To fully capture the tremendous value of using big data, organizations need nimble and flexible data architectures able to liberate data that could otherwise remain locked within legacy technologies and organizational processes.
Rapid advances in technology and analytical processing have enabled companies to harness and mine an explosion of data generated by smartphone apps, website click trails, customer support audio feeds, social media messages, customer transactions, and more. Traditional enterprise data warehouse and business intelligence tools excel at organizing the structured data that businesses capture—but they stumble badly when it comes to storing and analyzing data of the variety and quantity captured today and doing so at the speed now required. Companies need data architectures that can handle the diversity of data available now (semistructured data, unstructured data, log files, documents, videos, and audio, for example) and yield even more accurate predictive modeling and customer insight at a highly detailed level.
Enter the “data lake,” a term that refers to a large repository of data in a “natural,” unprocessed state. Data lakes’ flexibility and size allow for substantially easier storage of raw data streams that today include a multitude of data types. Data can be collected and later sampled for ideas, tapped for real-time analytics, and even potentially treated for analysis in traditional structured systems. But before organizations dive into the data lake, it’s important to understand what makes this new architecture unique, the challenges organizations can face during implementation, and ways to address those challenges.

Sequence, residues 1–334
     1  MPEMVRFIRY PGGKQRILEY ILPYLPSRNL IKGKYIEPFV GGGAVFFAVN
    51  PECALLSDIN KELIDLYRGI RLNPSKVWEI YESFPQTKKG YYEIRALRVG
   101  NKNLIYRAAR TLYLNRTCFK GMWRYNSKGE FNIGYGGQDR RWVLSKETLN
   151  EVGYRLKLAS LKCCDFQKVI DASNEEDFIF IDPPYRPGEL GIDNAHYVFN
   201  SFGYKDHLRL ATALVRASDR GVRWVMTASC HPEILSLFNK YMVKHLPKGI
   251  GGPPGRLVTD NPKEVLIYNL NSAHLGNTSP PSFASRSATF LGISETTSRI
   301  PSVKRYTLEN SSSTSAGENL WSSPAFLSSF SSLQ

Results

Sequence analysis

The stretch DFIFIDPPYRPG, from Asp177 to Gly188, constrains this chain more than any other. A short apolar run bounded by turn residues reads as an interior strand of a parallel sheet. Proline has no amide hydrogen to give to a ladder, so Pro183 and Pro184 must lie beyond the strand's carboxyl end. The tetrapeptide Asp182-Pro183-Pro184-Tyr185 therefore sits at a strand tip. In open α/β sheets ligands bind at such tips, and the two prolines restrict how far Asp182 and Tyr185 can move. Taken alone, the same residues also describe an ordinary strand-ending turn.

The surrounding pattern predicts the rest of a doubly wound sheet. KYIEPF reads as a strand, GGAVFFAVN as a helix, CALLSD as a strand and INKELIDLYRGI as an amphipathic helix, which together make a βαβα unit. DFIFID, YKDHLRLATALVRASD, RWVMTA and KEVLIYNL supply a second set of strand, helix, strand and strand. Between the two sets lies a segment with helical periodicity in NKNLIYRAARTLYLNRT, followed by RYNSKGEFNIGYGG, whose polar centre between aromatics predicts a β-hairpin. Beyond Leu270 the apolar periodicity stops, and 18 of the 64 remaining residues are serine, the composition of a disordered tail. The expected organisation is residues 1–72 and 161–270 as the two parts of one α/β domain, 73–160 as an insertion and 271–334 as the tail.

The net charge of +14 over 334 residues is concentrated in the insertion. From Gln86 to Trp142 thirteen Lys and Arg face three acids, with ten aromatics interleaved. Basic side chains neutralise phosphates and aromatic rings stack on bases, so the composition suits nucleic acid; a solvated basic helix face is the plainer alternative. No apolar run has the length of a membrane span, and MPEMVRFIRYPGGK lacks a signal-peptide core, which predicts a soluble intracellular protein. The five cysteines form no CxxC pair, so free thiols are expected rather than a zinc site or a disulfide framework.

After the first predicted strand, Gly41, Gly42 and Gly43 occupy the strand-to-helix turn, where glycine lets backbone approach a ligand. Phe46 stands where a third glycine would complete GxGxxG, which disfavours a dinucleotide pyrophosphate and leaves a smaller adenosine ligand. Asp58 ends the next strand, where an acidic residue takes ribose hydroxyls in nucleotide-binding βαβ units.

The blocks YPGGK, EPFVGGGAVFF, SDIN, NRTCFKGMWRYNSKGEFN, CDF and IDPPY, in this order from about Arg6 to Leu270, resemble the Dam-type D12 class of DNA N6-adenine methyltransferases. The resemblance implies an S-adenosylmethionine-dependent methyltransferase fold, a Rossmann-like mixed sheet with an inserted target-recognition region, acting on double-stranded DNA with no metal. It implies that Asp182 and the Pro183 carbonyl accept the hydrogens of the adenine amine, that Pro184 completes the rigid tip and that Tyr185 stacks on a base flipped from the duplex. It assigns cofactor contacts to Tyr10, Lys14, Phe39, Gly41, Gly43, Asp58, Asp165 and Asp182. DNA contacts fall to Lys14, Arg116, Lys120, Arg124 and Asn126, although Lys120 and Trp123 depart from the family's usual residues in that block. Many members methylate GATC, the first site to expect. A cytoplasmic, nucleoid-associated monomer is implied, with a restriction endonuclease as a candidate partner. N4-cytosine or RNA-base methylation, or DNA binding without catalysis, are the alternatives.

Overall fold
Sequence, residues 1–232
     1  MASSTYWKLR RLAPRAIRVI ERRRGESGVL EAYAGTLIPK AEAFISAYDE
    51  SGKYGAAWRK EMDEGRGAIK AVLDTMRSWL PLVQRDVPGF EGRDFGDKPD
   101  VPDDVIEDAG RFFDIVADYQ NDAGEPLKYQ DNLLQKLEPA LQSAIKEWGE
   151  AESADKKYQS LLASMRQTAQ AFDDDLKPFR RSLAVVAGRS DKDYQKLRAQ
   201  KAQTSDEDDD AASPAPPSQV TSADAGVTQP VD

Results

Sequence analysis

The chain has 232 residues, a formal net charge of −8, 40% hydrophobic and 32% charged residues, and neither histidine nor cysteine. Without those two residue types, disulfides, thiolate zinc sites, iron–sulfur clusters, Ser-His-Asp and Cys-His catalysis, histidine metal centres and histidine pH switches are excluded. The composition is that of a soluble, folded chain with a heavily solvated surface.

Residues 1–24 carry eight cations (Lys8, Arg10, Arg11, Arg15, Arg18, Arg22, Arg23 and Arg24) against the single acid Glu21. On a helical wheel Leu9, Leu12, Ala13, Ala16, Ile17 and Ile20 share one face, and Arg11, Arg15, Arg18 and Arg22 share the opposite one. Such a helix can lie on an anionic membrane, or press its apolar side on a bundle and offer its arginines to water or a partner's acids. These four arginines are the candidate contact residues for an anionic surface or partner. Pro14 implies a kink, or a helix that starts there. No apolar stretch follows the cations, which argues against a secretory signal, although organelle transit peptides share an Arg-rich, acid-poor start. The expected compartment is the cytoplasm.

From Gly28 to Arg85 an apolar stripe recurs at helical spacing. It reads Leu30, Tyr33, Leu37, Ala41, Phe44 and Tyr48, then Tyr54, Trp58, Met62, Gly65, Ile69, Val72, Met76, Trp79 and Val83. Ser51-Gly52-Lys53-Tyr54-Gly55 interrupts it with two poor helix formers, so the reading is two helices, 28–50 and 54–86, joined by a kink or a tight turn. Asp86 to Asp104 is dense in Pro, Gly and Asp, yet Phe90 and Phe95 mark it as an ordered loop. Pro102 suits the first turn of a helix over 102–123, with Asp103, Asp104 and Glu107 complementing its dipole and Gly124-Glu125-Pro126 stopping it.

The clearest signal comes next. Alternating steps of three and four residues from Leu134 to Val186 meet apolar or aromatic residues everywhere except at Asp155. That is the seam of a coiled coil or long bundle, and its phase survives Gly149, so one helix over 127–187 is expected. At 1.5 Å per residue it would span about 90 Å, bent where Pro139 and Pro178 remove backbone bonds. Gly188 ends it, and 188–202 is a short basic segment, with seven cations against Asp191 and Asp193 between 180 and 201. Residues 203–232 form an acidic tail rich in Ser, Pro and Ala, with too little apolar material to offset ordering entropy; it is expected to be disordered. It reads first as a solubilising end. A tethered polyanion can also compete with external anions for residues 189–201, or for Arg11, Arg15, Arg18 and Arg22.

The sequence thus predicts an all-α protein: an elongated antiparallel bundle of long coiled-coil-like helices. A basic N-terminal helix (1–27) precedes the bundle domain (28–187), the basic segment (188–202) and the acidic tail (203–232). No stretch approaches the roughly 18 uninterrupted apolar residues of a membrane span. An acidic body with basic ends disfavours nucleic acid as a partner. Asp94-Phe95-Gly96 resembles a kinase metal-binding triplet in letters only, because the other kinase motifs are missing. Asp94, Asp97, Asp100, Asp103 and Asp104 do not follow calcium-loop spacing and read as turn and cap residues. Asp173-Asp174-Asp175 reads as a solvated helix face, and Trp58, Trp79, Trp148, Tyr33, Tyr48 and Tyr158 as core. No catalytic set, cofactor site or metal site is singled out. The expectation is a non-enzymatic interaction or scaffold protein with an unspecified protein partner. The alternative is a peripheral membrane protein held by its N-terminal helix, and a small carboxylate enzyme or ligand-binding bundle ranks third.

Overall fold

Historically, organizations have invested heavily in building data warehouses. Significant up-front time, effort, and cost go into identifying all the source data required for analysis and reporting, defining the data model and the database structure, and developing the programs. The process often follows a sequence of steps known as ETL: extract source data, transform it, and load it into the data warehouse. Making changes to an existing data warehouse requires sizable additional investment to redesign the programs that extract, transform, and load data—we estimate that 60% to 75% of development costs come in the ETL layer.
Moreover, data warehouse solutions typically provide historical, or backward-looking, views. And here is where the challenge arises: organizations today are demanding that data tell them not just what happened in the past but also what is likely to happen in the future. They seek predictive and actionable insights, gleaned from a variety of data accessed through both batch and real-time processing to inform their strategies.
Traditional data warehouses are not ideal solutions to this challenge. They are slow to change and costly to operate, and they can’t be scaled cost-efficiently to process the growing volume of data. Data lakes can fill the void.
Given companies’ storage requirements (to house vast amounts of data at low cost) and computing requirements (to process and run analytics on this volume of data), data lakes typically use low-cost, commodity servers, in a scale-out architecture. Servers can be added as needed to increase processing power and data capacity. These systems are typically configured with data redundancy to ensure high resilience and availability. Much of the big data software is open source, which drives down costs. The total cost of establishing and running a data lake can be five to ten times lower than the cost of using traditional SQL-based systems.